Often when we are teaching on our feet, rather than writing, we communicate better and more naturally. More spontaneously. We’re addressing real questions and concerns. There is an immediacy to our responses.
Students tend to remember these quips, these aphorisms, more than they do complicated discourses and explanations.
These are quips, notes, jotted down from two students who took a nine- day retreat with me in Santa Fe. A few of the quotes, being out of context, were not understandable. For those, I tried to recreate their context.
These quips are not in any particular order.
Please send me your favorite teaching quips and aphorisms. email@example.com I’d love to read them, and pass them on to my students as well.
October 1-9, 2011
What’s in a name? Alexander’s name for his work in 1900 was Kinesthetic and Respiratory Re-education. Currently mine is The Peaceful Body. “The Work” was how Alexander referred to what he was teaching. Find what resonates most with you.
When life is hard and you are hard, things will be hard. When life is hard and you are soft, things will not feel so hard.
You eyes never close. Your eyelids lower.
Often we are aware of what we’re getting but not of what we’re losing.
Hips joints love to rotate. Knees and lower backs don’t.
If you think you’re free but you don’t feel it, you’re not. Just throw it away. Take a little slump. (Marj inspired.)
When doing Tai Chi, the arms are like the tide rising and falling.
Great Alexander research can be done by looking at art – at images, poetry, and sculpture.
We can thrive when we give more attention to the process than the end result.
Imagine you are the earth, and those electronic devices around your body are moons. Your gravitational field must be stronger than the gravitational pull of the tools you are using. If not, you will be pulled into them, attached, caught like a fish on a line. (Bill Conable inspired.)
Direction: when you send a signal to part of the body that exactly corresponds to the truth of its structure, it becomes energized and the entire body must then reorganize itself around this truthful change.
Desire: The will expresses its desire to the nervous system, then the nervous system, in all its wisdom, co-ordinates muscular activity. Just using your willfulness to directly move your muscles lacks refinement. (Robyn Avalon inspired.)
The nervous system will interpret desire intelligently, if it is well tuned.
The “i” (Chinese for heart/mind), moves the chi, and the chi moves the body. (from The Tai Chi Classics.)
One aspect of “Alexandrian inhibition” is leaving out what you don’t need.
The truth is friendly. Facts are friendly, if you don’t take them personally. (Wilfred Barlow, and Byron Katie inspired.)
Good technique doesn’t show. And this goes for the Alexander Technique, most definitely.
Return home to yourself more often, more deeply. Abide, dwell, rest a little longer.
It’s not my job to control my head and neck. It’s not my job to control my breathing.
The sternum is the place where two great rivers meet – your lengthening river which cascades, curving from the head down to the feet, and your widening river, which is your arm structure from finger to finger, which just happens to be the same length as your lengthening river. Two great rivers within us. Currents.
The pelvis is a basin (vessel). That is its fancy Latin name.
Balance is not symmetry If you think it is, you can be quite certain you will be making yourself stiff.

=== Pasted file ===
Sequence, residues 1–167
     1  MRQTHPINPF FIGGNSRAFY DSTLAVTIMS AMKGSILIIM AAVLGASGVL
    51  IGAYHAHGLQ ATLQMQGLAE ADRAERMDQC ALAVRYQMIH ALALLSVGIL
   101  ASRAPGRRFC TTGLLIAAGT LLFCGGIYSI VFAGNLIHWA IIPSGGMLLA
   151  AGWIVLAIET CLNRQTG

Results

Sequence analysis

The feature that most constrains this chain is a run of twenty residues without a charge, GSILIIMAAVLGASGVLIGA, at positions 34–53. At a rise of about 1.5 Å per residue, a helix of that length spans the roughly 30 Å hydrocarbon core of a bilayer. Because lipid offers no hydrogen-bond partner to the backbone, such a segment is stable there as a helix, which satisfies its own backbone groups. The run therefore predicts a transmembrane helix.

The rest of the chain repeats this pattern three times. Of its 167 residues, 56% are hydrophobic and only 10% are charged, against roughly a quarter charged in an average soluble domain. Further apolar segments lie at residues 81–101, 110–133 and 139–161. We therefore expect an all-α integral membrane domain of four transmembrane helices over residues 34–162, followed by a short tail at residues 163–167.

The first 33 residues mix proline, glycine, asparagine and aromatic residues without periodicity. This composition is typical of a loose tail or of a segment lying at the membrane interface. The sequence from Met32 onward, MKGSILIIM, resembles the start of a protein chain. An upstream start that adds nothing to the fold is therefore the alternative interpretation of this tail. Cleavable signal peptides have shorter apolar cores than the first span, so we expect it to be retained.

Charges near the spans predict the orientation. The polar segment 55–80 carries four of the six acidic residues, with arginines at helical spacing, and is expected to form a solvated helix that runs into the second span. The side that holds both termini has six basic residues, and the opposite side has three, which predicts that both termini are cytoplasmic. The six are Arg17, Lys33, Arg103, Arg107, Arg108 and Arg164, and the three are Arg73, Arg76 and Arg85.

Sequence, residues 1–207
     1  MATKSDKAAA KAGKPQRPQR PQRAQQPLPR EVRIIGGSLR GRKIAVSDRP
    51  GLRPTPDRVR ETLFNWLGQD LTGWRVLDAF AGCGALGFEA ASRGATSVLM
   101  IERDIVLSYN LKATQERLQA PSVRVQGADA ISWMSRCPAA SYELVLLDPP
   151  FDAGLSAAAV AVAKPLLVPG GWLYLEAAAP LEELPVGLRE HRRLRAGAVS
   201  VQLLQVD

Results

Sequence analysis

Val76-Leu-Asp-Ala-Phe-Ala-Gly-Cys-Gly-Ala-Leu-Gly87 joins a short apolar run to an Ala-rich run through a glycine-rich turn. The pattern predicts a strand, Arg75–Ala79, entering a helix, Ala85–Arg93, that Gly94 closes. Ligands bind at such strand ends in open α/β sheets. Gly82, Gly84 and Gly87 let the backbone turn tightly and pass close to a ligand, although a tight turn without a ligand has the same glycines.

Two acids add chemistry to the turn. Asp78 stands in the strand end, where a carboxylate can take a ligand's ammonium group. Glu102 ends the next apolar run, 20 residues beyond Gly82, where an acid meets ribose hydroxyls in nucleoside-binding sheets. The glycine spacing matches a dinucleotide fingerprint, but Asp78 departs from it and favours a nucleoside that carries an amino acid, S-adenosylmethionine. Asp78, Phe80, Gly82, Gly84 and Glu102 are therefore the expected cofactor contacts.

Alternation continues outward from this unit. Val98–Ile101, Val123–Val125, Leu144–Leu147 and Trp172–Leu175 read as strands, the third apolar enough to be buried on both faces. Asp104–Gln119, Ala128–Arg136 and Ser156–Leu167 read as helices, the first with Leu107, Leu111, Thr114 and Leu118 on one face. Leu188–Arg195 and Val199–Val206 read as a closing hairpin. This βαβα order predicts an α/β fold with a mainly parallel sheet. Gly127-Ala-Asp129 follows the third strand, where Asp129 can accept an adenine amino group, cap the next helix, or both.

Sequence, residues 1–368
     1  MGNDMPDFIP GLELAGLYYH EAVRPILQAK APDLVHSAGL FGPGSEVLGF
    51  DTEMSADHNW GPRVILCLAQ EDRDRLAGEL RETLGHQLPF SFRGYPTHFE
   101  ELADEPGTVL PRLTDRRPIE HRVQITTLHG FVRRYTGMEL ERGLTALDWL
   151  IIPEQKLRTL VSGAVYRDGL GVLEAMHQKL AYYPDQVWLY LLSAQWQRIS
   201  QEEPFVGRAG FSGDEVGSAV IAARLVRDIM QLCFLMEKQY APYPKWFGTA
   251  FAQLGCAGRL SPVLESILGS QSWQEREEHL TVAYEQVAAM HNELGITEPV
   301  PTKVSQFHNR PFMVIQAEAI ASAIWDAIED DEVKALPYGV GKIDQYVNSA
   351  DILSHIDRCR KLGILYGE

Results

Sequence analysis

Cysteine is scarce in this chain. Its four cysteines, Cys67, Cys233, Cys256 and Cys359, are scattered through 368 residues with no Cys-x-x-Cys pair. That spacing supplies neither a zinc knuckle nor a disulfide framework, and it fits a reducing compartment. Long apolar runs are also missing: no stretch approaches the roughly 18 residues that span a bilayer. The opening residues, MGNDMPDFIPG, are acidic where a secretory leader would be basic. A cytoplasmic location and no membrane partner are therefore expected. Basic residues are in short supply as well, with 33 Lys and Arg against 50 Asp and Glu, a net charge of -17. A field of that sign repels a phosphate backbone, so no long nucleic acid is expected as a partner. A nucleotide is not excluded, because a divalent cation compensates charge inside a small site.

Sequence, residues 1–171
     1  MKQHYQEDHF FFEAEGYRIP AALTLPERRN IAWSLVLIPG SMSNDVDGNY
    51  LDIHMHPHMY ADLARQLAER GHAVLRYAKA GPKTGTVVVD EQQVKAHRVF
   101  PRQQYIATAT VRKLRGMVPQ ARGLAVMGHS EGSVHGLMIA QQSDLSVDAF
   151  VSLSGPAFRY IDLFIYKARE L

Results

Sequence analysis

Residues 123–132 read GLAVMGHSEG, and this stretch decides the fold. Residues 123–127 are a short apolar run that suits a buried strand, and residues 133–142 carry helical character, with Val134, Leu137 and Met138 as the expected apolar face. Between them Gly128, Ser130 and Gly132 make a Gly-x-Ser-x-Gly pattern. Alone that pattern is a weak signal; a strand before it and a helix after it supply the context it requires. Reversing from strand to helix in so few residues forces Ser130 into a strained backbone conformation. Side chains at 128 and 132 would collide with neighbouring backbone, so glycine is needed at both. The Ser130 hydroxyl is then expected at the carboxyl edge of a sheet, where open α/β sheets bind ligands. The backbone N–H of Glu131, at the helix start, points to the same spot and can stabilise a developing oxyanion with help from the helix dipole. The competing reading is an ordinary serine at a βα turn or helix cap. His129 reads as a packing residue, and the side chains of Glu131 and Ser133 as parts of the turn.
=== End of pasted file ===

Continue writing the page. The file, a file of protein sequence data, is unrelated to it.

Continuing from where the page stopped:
A tremendous amount of power is generated by the mind, toward constructive or destructive ends.
When something moves, something is touching something, and a sound is being produced, and can usually be heard. “touch/ movement/sound.” Can you be aware of them simultaneously? For example, the motion of your fingers, the touch of the keys on the keyboard, and the sound that is being made as you type? Or, the sound, feel, and motion of your feet as you walk up the steps?
The best preparation for speaking well is listening well.
You are not sitting on a chair, you are being supported by a chair.
We tend to see the world from the top down, rather than from the bottom up. That is a cultural bias. Start scanning the world from the bottom up, and feel what happens.
It’s important to know when to let go of AT in life. I often call it – “The Grand Alexanderian Inhibition.” It’s our version of, “If you meet the Buddha on the road, kill him.” MB would say: “You don’t want to think about your head and neck your whole life do you?”
Cheng Man Ching – “When you come to class, come as a complete beginner, no matter how long you have studied. When you practice on your own, even if you’ve only had one class, practice like you are a master.”
My Top Ten All Time Favorite Quotes of Marjorie Barstow
Marjorie L. Barstow: first person formally certified by F.M. Alexander
to teach his work. (1899-1995).
There is nothing to get, there is only something to lose.
You are all trying to do something, and that something is your habit. All I want is to show you is a little bit of nothing.
I wonder what would happen if, ever so delicately, you let your whole head move ever so slightly away from your body and immediately let your whole body follow?
Can you delicately move with my hands, just a little bit, this way?
Did you see that? (addressing those watching.) What did you notice? (addressing the student as well as the group.)
If you are up, because you are afraid to be down, then you are not up, (lightly, effortlessly, and powerfully suspended and supported from within). If you are “up” but you don’t feel up, then you are not up. You might as well just stop trying to be up and take a good slump.
Up is not a position.
Can you leave yourself alone?
My job is to help make you sensitive. What you do with your sensitivity is your own business.
At some point you have to say, “I am tired of hurting myself.”